Are perceptions beating reality?

 Published in: The Daily Star on June 2, 2014
Are perceptions beating reality?

MUNCHING on a piece of dark chocolate while having coffee, a friend of mine enlightened me: “I hear very soon dark chocolate is going to be sold at the price of gold and by the way, gold prices are going down…” My jaw dropped in disbelief. But it is what it is. If that was what she wanted to believe, who was I to alter her reality. What counted most was her perception.
During a visit to Beijing, ten years back, I noticed the Chinese happily flying kites in Tiananmen Square. When I asked my Chinese friend why there was no sign of history there, she looked absolutely surprised about me having even known about the incident. So that was what mattered to the Chinese. Tiananmen was a chapter to be buried in the book of oblivion with a few lessons to be learnt. With tomorrow marking the 25th Anniversary of the Tiananmen Square uprising, the new China under President Xi is poised to take off as a more decisive state, both geopolitically and economically. Perception is that the new China has no regrets about Tiananmen and it does not matter what the world thinks.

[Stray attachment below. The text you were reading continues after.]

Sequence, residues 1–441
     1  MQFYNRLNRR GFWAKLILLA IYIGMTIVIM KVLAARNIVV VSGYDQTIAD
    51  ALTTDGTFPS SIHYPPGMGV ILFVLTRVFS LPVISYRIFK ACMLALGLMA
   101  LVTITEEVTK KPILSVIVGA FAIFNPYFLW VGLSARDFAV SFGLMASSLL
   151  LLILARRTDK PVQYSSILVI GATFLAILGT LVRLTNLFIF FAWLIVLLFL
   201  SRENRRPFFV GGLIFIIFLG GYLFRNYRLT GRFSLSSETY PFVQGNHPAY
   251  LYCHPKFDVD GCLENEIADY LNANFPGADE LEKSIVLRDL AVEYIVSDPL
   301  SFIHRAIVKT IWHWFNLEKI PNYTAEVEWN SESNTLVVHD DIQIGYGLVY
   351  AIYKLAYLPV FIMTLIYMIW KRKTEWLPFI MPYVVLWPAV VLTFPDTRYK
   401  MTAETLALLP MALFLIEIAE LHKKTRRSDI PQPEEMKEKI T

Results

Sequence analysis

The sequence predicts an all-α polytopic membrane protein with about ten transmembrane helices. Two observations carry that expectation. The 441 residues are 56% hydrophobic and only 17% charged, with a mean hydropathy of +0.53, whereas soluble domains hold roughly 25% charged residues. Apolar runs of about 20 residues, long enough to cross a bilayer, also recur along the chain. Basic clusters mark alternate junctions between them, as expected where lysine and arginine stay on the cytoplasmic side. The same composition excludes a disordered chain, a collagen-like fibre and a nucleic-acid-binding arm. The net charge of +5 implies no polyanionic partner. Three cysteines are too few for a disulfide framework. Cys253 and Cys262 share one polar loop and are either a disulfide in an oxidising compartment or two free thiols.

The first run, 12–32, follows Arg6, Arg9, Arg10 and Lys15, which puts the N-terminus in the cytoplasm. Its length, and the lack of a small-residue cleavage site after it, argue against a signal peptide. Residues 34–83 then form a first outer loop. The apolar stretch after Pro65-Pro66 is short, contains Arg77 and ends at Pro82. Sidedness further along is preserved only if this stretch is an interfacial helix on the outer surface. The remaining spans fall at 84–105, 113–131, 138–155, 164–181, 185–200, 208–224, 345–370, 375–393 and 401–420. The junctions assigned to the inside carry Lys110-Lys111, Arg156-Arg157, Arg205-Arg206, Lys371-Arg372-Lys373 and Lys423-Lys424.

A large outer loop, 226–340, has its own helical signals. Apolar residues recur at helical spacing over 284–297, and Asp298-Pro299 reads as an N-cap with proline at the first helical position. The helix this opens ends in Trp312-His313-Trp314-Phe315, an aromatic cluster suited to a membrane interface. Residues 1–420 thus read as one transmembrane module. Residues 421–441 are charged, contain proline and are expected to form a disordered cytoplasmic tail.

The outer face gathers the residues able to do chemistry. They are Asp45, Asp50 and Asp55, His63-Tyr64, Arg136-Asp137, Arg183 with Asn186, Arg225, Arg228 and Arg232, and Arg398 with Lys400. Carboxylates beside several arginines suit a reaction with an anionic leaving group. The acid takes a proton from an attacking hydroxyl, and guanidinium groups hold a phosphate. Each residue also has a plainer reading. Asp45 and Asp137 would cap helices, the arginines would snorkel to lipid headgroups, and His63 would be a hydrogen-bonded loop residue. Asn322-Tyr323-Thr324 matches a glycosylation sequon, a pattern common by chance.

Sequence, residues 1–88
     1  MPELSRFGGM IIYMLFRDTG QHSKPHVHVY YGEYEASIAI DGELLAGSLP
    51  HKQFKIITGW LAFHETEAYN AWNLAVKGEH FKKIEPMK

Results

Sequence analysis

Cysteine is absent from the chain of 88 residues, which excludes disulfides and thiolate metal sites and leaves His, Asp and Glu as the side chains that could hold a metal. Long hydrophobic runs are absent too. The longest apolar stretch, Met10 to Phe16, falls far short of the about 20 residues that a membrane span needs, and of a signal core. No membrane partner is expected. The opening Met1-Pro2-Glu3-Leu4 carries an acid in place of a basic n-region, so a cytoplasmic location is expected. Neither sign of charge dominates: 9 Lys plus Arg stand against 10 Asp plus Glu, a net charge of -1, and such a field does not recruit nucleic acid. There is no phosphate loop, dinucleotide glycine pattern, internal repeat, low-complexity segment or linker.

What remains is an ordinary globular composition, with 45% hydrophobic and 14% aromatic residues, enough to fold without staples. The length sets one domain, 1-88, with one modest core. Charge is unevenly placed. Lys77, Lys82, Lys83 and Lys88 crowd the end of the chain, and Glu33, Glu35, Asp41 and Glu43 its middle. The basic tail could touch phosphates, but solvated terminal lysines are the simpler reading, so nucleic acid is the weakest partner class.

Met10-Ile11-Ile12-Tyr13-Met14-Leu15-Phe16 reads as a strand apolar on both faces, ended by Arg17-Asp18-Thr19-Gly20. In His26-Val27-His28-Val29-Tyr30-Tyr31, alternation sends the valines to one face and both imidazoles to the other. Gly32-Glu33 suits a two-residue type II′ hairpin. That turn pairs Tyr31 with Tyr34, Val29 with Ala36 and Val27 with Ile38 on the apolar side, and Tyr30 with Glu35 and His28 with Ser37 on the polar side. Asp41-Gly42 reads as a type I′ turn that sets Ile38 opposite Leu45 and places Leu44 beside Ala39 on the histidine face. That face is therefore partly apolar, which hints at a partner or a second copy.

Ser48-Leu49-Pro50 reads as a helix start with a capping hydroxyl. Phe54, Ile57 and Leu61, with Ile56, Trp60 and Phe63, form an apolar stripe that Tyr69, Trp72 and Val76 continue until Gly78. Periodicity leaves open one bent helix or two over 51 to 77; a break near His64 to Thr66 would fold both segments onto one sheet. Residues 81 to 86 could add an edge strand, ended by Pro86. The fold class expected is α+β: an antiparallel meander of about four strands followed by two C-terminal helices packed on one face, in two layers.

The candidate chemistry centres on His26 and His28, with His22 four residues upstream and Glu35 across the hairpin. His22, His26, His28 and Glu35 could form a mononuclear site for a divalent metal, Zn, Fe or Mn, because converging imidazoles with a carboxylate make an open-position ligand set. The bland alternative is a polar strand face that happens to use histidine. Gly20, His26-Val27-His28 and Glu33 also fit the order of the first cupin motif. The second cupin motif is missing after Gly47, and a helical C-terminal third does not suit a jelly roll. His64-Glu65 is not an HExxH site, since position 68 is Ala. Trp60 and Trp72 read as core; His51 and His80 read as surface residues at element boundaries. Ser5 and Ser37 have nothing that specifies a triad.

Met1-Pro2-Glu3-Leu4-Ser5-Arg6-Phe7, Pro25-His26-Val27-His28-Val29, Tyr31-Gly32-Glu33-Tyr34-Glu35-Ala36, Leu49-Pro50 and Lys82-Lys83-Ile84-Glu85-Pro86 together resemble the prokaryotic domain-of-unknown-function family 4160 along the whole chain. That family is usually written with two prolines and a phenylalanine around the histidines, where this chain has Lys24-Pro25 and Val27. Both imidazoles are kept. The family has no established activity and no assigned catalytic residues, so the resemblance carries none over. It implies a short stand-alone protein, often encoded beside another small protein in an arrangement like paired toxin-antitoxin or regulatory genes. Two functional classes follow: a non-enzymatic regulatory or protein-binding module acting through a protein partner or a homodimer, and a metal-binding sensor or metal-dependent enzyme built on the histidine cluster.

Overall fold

A few weeks back, The Economist was questioning how good would Modi be for India, and just a few weeks later how a Modi-fied India will take off with the slogan of ‘One God: GDP’ is being discussed in the same magazine. With one tight handshake with Nawaz Sharif, the entire global perception of regional hostility has been minimised, irrespective of Modi having chosen former Intelligence Bureau Chief Ajit Kumar Doval, a traditionally anti-Pak operational brain, as the national security advisor. Such is the power of perception.
We go by perceptions in Bangladesh as well. We indulge in smaller sampling size and concentrate on perceptions and form reports. We also handpick months and phases and report growth. What we don’t take into account is forecasts and the medium and long-term challenges an exporting nation faces. While one learns that for four consecutive months, growth of export earnings has been declining and that the export growth was 3.9% during Jan-March of FY 2014 against 16.6% during July-December 2013, and growth of export earnings from RMG  products sharply dipped to 6.8 % (The Daily Star, May 29), one also learns from BGMEA, that during the first 10 months of the FY2013-14 (July-April), the actual export performance was $19.97 billion with an actual growth of 15.39%. At the same time, according to Bangladesh Bank data, exports in Bangladesh decreased to Tk. 177.84 billion in March of 2014 from Tk. 180.06 billion in February 2014. Now are we monitoring perceptions or reality? Are we monitoring based on current reality or shall we rather look at a ten-month period of peaks and lows finally averaging at a positive percentage? I guess the best answer should be that we should do what suits us the most. And reporting positive export growth boosts our self-confidence and eases us all into a lullaby land where we can happily think that Bangladesh is an indispensable supply source for apparel. Forever.